Ganesha’s Sweet Tooth

Regional focus:  India

Author:  Sanjey Patel and Emily Haynes

Genre:  Children’s literature

In Sanjey Patel and Emily Haynes’ playful story, meet young Ganesha, a mythological character from the Mahabharata, the epic poem of Hindu literature. Ganesha is just like any other child, with the exception that he has the head of the elephant and his best friend is a tiny magical mouse. He has a soft spot for sweet treats. In this comical tale, we learn that Ganesha breaks a tusk on a surprisingly hard jawbreaker candy. With an unexpected twist of fate, we discover how his broken tusk eventually plays a very important role in Hindu history.

What I love:

  • Patel’s ilustrations are colorful, whimsical and inviting.
  • The story is hilarious.
  • What’s not to love about candy!

Themes: friendship, resourcefulness, mythology

Discussion:

  • What are your favorite sweets?
  • Have you ever felt sad about loosing something that was important to you? How did you eventually feel better?
  • What mythological characters exist in your culture? What do they represent?

Connections:

  • Create a mythological character with the head of an animal and a body of a person. What is this new character’s favorite food? What is his/her “claim to fame”?
  • Ask an elder to share a story about a mythical character that he/she learned about as a child.
  • Investigate the stories of other deities/mythical characters from the Hindu culture/religion.
  • Check out additional activities at: www.chroniclebooks.com/landing-pages/pdfs/Ganesha_activities_r2.pdf

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APV School

Regional focus:  India

Ashram Paryvaran Vidyalaya, Ashram Environmental School

Nestled in the Indian Himalayas, surrounded by lush, green forest and painted mountains, flourishes a small, soulful school known locally as APV. APV School was founded in 1995 by education reformist Anandji, who, after spending decades in the Indian Education system and feeling disenchanted with conventional learning techniques was moved to begin a mindful school in the Garhwal region of Uttarakhand. Teachers live, meditate, farm, trek, make music and run a school together.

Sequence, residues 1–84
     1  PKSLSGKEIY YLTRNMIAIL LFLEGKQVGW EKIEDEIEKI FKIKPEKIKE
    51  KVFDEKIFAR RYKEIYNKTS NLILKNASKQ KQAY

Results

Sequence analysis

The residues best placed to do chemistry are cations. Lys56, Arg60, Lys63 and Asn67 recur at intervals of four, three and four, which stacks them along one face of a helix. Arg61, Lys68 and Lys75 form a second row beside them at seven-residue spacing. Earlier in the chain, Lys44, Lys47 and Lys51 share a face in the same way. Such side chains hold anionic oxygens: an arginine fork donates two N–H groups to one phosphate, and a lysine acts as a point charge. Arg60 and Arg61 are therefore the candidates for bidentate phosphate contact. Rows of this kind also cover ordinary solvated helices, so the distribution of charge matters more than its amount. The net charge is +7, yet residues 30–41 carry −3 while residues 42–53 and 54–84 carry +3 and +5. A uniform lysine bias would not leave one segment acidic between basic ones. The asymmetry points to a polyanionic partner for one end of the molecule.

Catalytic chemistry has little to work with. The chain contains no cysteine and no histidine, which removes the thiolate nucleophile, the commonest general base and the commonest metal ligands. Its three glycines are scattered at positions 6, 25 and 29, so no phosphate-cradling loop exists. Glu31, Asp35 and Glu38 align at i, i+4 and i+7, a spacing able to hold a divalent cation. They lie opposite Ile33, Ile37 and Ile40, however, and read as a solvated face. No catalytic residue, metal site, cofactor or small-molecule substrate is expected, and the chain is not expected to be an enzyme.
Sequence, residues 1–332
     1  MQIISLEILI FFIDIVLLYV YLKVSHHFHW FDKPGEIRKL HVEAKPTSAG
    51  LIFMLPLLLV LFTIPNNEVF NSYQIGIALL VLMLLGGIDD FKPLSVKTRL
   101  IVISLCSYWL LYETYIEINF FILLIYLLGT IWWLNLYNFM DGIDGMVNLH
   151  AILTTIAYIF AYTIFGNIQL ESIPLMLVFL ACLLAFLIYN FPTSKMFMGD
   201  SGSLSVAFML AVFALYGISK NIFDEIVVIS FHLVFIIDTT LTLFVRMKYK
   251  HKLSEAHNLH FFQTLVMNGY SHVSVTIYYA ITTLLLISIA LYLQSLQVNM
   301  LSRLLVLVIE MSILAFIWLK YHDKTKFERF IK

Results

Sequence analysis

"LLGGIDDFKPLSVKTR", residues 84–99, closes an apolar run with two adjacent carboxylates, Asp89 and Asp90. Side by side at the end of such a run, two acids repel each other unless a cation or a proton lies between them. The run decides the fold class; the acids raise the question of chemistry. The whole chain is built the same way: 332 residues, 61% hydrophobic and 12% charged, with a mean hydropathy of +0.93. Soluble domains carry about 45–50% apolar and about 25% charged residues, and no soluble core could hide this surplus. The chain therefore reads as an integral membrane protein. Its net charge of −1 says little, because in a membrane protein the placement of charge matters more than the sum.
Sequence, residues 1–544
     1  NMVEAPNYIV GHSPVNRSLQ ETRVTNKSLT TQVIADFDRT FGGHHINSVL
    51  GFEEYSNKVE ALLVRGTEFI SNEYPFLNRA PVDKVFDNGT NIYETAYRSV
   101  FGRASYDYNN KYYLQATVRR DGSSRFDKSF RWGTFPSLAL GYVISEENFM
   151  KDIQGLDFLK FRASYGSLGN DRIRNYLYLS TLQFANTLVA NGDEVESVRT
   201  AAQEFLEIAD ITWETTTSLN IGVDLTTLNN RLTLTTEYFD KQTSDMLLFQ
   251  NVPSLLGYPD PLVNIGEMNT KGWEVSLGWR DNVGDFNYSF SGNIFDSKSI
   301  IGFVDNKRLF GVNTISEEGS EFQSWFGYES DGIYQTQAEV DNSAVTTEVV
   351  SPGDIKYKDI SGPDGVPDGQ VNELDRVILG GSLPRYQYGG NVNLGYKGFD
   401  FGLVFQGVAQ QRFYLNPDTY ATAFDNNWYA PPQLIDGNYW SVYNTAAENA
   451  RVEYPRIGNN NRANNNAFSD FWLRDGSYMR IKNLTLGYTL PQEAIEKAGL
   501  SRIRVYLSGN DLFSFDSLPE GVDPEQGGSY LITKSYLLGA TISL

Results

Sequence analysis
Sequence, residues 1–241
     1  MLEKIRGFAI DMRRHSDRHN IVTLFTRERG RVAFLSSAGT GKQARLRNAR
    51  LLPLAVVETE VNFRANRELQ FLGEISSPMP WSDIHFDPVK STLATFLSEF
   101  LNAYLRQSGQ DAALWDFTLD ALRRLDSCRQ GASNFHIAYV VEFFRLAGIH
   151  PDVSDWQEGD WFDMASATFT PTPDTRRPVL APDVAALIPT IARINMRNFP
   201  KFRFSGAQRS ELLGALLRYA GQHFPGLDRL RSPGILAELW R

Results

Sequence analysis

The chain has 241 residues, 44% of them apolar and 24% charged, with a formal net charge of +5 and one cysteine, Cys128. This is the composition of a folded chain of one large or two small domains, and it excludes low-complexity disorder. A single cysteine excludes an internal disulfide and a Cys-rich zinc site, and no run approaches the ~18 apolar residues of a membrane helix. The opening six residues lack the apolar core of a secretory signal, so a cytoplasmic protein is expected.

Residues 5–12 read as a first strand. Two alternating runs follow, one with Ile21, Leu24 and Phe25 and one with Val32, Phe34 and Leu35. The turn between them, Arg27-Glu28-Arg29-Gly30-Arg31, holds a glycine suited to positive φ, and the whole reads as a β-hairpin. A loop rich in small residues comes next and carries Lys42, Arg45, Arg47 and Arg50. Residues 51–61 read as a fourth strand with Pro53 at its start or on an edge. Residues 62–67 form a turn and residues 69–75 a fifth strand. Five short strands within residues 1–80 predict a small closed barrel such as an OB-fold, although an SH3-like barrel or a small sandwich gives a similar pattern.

The school is dedicated to providing a holistic, mindful and inclusive educational experience to local children by ways of music, meditation, nature appreciation and spontaneous learning.

The philosophy and methodology of the APV School springs from the simple belief that education, at its core, is not the accumulation of information but an inner evolution, an insight into the self, a refinement and deepening of awareness, and a flowering of compassion.

Mornings at APV begin with an assembly where all students and staff are present, and a teacher leads the community in a gentle nature observation and a short meditation. Soon after, children share in song and rhythm before separating into their learning groups. There are no chairs or tables at APV or sophisticated teaching equipment. Their greatest resource is thoughtfully trained teachers who have been supported and have learned the delicate technique of teaching in the moment, and truly listening to their students.

On a personal note, APV remains near and dear to my heart. I have had the opportunity to collaborate with APV on three separate occasions, most recently with my 10 year old daughter, who was welcomed with enthusiasm into a truly embracing community.

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